She called back about 15 or so minutes later. I respectfully disagreed with and maintained a professional tone with her throughout it all, suggesting several times that the solution was for some other nurse who felt comfortable with her way of understanding the requirement (like herself, for instance) to sign off on past documents done this way (since she didn't want me to make the correction I felt I needed to make before signing current documents which had been prepared by my assistant as she had been taught to do by the corporate nurse according to the corporate nurse's understanding) and in the future, I would sign off on documents dated according to my understanding as to how it is to be done. She agreed that we would do this (since she could not indeed dispute that my way was incorrect as I could hers). I thought we had agreed anyway. She said she agreed with this solution. I was also pleased with myself that I had done the job I believed I was hired to do - contribute my expertise to upgrade existing MDS processes at the facility and for the organization.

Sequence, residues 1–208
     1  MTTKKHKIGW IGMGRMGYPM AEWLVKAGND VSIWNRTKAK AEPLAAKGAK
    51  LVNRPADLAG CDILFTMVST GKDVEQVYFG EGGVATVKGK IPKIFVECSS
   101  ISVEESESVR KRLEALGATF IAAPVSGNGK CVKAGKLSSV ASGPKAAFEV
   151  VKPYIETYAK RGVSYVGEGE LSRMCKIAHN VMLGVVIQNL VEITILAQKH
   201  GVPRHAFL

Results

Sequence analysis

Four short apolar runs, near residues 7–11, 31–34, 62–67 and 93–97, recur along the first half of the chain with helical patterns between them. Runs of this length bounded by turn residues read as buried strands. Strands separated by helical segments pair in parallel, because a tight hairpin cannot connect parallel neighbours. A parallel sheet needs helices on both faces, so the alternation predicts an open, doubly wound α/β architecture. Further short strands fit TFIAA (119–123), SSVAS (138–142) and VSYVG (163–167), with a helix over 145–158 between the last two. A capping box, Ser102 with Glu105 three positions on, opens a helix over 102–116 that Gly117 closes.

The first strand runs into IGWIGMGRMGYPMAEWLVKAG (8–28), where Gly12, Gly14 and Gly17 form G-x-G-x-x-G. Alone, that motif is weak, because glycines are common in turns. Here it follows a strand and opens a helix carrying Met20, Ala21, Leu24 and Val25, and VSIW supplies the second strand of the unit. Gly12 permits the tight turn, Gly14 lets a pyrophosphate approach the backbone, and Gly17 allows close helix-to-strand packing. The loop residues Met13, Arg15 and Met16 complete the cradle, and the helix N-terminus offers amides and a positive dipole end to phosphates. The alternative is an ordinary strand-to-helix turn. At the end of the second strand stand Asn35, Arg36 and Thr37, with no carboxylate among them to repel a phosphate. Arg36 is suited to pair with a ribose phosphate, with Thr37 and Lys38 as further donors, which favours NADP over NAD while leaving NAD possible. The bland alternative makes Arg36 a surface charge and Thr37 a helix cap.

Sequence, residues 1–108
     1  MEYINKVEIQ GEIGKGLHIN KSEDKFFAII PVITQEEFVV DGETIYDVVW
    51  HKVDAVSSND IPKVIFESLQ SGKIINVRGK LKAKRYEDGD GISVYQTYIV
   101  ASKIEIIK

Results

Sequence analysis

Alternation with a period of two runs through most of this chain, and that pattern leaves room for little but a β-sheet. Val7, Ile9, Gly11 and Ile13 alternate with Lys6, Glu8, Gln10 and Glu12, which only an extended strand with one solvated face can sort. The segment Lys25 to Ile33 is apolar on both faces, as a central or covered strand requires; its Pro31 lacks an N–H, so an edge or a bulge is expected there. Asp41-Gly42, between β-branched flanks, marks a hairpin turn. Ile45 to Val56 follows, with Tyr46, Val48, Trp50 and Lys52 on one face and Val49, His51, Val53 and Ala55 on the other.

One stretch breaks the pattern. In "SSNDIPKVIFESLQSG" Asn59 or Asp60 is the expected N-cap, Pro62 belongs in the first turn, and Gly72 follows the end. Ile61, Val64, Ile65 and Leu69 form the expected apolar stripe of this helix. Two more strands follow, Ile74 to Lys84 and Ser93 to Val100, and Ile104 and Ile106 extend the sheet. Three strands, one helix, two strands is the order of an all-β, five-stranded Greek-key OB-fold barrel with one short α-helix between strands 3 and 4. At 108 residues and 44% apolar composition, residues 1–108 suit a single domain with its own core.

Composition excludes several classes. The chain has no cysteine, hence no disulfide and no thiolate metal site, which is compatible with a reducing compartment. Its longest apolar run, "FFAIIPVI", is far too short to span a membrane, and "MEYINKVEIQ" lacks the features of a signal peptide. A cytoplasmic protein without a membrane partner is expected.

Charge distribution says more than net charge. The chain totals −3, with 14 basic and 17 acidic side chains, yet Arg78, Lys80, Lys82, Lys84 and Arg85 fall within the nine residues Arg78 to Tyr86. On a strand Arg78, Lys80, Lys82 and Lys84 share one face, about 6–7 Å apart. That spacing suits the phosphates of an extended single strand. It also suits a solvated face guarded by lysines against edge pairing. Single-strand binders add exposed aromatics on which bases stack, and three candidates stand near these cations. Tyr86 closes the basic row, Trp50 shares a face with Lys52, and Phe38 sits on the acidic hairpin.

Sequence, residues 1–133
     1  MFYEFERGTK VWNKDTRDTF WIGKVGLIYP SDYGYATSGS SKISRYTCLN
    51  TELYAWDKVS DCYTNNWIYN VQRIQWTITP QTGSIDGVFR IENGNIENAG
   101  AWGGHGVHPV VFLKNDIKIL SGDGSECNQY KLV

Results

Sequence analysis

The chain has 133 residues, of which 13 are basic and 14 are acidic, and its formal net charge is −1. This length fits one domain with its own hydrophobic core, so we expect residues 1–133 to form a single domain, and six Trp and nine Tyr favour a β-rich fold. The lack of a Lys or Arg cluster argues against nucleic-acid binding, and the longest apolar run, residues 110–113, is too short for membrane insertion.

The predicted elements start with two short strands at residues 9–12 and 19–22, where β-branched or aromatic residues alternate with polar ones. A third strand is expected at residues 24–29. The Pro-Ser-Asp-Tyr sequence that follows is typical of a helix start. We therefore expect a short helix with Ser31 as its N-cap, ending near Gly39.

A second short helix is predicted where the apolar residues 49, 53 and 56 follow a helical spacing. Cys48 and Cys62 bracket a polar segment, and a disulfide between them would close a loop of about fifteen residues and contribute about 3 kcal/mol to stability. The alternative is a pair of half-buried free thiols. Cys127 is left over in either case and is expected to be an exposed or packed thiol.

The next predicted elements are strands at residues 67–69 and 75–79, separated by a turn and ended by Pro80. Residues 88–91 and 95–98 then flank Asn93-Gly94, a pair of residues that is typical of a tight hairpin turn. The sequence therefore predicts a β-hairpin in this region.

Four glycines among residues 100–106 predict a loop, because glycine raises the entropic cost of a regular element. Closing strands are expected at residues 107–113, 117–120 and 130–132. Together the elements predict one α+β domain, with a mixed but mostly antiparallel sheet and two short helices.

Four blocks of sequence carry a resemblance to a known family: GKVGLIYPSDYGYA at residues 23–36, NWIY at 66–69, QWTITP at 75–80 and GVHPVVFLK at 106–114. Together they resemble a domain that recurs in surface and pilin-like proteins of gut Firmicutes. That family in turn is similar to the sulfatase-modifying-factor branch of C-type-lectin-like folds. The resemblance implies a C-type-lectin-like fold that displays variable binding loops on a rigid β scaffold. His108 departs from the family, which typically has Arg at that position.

This corporate nurse then faxed me a page from the RAI manual with underlined points which she considered to be supportive of her understanding (the points she underlined did not speak directly to the point of dispute at all - how early the documents could be signed off by the responsible RN as fully complete - her underlined points spoke to how late the documents could be signed, which was not the date under dispute). On the fax, addressed to both myself and my assistant, she wrote that I should contact her if I had any more questions or concerns. I faxed back my response reiterating my position (that I could sign off with my professional authority on a final MDS completion date no earlier than the date after the final date of clinical observation (called the ARD or Assessment Reference Date) - thus making the earliest date I could sign off to be at least one day after the final date of observation, because you can't complete the data summary document until the period of clinical nursing observation ends - which runs through 11:59 PM on the last date of observation) and I myself had underlined and highlighted the portions of the page she had faxed initially which stated that the period of observation runs through 11:59 PM of the last day of clinical observation (implying that the period of observation is not over until 12:00 AM on the date following the last date of clinical observation (a fact which clearly supports my understanding of the regulation and does not support her understanding of the regulation, where she understands that is perfectly okay to sign off on the last day/date of clinical observation itself which itself remains squarely within the period of clinical observation). I called her cell phone (as she had instructed me to do if I had any further concerns) and left a message that I had faxed her back my response to the information she had sent and summarized what I had written/highlighted on the paper in the phone message in case she wasn't near her fax machine.